decided: December 17, 1986.
COMMONWEALTH OF PENNSYLVANIA, DEPARTMENT OF TRANSPORTATION, BUREAU OF TRAFFIC SAFETY, APPELLANT
DANIE MARK BISHOP, APPELLEE
Appeal from the Order of the Court of Common Pleas of Luzerne County, in case of Danie Mark Bishop, No. 3323-C of 1983.
Harold H. Cramer, Assistant Counsel, with him, Spencer A. Manthorpe, Chief Counsel, and Jay C. Waldman, General Counsel, for appellant.
No appearance for appellee.
President Judge Crumlish, Jr., Judge Doyle, and Senior Judge Kalish, sitting as a panel of three. Opinion by Senior Judge Kalish.
[ 102 Pa. Commw. Page 484]
The Commonwealth of Pennsylvania, Department of Transportation (DOT) appeals an order of the Court of Common Pleas of Luzerne County directing the Department of Transportation to remove four points from the driving record of Danie Mark Bishop. We reverse.
At trial the Commonwealth introduced into evidence the record of convictions, and rested. The record
[ 102 Pa. Commw. Page 485]
shows that Bishop was driving on Route 309, and that two officers riding in the same police vehicle each gave Bishop two citations, charging him with two violations of section 3306 of the Vehicle Code, 75 Pa. C.S. § 3306 (driving on the left side of the road and improper passing), and two violations of section 3362 of the Vehicle Code, 75 Pa. C.S. § 3362 (speeding). Thus, he received a total of four citations. Each citation indicated that the time of arrest was 12:15 p.m. Two offenses occurred on Route 309, where it intersects with Route 292, and the other two offenses occurred on Route 309 at Copper Mine Hill. The two locations are in close proximity, but not at the same place. Bishop pled guilty to all offenses at a de novo hearing in the trial court.
As a result of the convictions, DOT assigned four points to Bishop's driving record for one citation of driving on the wrong side of the road and improper passing, and four points for one citation of speeding. Bishop had previously been assigned three points for a conviction on April 3, 1983, for failure to stop and yield violations. Thus, Bishop had an accumulation of eleven points.
DOT notified Bishop that his license would be suspended for fifty-five days pursuant to section 1539(b) of the Vehicle Code, 75 Pa. C.S. § 1539(b). It was this notification that Bishop appealed to the trial court. The trial court directed DOT to remove four points from Bishop's record. The basis of the trial court's order was that the circumstances constituted one act, for which Bishop could be assessed only four points.
DOT contends that the violations for which Bishop was convicted were separate, and arose from separate and distinct acts for the purposes of imposing penalties.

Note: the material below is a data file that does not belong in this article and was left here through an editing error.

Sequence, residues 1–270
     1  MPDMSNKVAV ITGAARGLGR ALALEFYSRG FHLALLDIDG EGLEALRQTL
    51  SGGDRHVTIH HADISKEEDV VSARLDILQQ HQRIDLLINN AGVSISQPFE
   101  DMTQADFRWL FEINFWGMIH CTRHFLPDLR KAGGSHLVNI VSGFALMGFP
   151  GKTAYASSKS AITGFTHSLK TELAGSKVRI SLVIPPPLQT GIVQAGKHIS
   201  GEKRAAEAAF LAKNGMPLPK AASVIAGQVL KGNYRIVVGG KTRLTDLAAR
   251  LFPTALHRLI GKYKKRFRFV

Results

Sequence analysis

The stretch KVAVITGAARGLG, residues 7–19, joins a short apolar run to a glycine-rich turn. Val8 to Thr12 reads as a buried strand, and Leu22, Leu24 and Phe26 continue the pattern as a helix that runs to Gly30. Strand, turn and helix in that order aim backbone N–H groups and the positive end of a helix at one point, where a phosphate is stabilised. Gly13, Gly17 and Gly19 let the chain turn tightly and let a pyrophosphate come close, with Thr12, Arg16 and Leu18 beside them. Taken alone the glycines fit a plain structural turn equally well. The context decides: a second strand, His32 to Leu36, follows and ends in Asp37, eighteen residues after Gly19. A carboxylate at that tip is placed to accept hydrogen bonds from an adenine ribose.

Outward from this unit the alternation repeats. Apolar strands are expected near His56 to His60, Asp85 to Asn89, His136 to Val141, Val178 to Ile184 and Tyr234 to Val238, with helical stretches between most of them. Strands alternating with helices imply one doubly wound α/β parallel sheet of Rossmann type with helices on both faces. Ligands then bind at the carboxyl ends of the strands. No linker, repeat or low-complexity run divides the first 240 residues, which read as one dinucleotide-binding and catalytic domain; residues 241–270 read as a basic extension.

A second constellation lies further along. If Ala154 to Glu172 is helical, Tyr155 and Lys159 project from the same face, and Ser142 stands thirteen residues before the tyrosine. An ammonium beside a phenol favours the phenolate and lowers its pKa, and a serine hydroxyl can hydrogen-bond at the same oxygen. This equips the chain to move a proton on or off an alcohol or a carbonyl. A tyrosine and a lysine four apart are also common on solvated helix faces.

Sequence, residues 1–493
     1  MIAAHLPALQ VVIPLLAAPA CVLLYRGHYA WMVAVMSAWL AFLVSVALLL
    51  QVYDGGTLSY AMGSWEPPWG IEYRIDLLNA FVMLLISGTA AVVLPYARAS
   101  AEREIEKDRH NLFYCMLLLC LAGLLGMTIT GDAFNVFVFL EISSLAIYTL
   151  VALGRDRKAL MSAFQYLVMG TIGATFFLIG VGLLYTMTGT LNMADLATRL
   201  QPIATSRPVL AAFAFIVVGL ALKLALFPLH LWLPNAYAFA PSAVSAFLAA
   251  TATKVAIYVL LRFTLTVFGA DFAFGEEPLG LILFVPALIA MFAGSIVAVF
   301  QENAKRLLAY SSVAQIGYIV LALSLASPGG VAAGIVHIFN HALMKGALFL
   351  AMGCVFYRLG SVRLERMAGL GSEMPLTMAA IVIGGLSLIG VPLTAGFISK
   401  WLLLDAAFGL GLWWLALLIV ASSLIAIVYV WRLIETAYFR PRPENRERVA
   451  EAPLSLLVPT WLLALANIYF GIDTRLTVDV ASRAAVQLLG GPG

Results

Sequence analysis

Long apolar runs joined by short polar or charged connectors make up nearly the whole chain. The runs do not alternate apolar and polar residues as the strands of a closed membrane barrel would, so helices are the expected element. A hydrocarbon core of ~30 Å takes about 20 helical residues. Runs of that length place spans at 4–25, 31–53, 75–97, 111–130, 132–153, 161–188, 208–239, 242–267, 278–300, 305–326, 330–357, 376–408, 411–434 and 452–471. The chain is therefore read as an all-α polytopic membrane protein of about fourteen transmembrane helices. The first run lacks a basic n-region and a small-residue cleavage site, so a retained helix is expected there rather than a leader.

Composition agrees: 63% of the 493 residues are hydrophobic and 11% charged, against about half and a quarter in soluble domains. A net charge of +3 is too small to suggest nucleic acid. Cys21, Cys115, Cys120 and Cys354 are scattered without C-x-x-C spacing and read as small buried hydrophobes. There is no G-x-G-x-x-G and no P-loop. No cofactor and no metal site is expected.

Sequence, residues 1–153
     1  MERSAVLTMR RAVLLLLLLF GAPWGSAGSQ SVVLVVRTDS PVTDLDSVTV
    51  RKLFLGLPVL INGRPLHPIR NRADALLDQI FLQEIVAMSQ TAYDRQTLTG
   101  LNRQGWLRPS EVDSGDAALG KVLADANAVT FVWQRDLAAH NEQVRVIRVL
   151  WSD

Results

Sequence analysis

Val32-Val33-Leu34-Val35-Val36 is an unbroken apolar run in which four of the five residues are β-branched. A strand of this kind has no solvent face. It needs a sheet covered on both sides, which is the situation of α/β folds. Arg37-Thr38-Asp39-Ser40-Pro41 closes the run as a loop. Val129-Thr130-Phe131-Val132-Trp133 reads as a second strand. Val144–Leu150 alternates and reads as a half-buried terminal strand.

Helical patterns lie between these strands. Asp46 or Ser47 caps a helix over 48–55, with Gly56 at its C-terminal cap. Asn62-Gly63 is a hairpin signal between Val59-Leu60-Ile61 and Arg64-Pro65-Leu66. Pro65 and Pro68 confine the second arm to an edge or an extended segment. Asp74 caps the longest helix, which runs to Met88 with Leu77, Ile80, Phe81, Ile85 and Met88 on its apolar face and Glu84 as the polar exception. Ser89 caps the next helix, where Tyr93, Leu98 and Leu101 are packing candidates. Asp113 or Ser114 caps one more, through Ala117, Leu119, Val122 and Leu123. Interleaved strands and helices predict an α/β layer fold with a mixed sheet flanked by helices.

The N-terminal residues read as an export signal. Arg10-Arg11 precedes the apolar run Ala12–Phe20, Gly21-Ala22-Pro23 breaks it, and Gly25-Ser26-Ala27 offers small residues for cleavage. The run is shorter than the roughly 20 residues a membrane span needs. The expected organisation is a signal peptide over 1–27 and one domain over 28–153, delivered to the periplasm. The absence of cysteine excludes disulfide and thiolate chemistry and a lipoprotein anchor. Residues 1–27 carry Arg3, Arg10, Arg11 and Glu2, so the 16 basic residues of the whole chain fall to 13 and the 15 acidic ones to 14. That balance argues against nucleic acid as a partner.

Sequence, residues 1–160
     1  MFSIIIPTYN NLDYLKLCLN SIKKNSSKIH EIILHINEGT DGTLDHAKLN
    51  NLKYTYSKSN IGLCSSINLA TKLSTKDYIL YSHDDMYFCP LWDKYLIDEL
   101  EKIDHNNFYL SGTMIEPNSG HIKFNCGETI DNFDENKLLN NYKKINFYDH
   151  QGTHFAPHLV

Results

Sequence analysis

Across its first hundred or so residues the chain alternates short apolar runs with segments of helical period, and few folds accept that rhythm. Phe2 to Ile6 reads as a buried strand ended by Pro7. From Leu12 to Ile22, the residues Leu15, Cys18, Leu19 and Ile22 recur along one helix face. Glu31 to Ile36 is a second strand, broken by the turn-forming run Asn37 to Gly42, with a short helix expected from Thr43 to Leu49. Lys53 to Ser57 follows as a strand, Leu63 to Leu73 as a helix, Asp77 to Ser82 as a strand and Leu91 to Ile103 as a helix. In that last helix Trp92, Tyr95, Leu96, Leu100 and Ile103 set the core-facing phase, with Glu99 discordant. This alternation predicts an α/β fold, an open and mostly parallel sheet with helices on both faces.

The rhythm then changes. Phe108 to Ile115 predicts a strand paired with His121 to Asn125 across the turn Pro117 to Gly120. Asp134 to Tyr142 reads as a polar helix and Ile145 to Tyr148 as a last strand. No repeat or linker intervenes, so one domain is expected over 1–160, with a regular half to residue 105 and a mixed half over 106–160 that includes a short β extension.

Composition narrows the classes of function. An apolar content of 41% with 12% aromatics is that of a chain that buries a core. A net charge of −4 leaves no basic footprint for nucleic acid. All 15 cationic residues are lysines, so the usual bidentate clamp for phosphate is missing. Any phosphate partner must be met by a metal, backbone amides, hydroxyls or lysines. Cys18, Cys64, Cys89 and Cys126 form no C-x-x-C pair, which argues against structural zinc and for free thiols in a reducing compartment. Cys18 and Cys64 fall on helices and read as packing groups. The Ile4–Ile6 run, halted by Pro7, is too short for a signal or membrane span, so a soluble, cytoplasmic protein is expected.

[ 102 Pa. Commw. Page 486]
In cases in which the trial court is the fact finder, our scope of review is limited to a determination of whether the court based its findings of fact on substantial evidence or committed an error of law. Department Page 486} of Transportation, Bureau of Traffic Safety v. Stafford, 28 Pa. Commonwealth Ct. 157, 367 A.2d 816 (1977).
Section 1535(b) of the Vehicle Code, 75 Pa. C.S. § 1535(b), provides, "If a driver is convicted of two or more offenses as a result of the same act, points shall be assessed only for the offense for which the greatest number of points may be assessed."
While the citations indicate that all of the offenses occurred at 12:15 p.m., the record shows that Route 292 enters into Copper Mine Hill at close proximity, but that all of the offenses did not occur at the same location or at the same time. Mere proximity does not constitute a single act. Nolt v. Commonwealth, 64 Pa. Commonwealth Ct. 144, 439 A.2d 874 (1982). Separate and distinct offenses are not merged into a single act merely because Bishop's conduct occurred during one continuous episode on Route 309. See Reese v. Department of Transportation, 71 Pa. Commonwealth Ct. 244, 455 A.2d 232 (1983). Nor do the acts coalesce merely because the citations read that they occurred at the same time. The fact is that the acts occurred at different times, not simultaneously, and at two noncontiguous locations. See Department of Transportation v. McKiniry, 89 Pa. Commonwealth Ct. 77, 491 A.2d 928 (1985).
By analogy to double jeopardy cases, the test applied is whether each violation requires proof of a fact which the other does not. Commonwealth v. Houtz, 496 Pa. 345, 437 A.2d 385 (1981). In the instant case, it is not necessary for the speeding conviction to prove that Bishop also unlawfully passed another vehicle. He could be convicted of speeding without unlawfully passing. Likewise, he could be convicted of unlawfully passing without speeding. In other words, proof of one offense does not necessarily prove the other offense. Consequently, they are two distinct acts for the purposes of reporting of penalties.
[ 102 Pa. Commw. Page 487]
Bishop did not waive consideration of this issue. Although he filed no brief in this Court, his argument in the trial court raised this issue by implication, when he contended that his conduct should be considered one act for penalty purposes.
Accordingly, we reverse.
Now, December 17, 1986, the order of the Court of Common Pleas of Luzerne County, No. 3323-C of 1983, dated September 21, 1983, is reversed.
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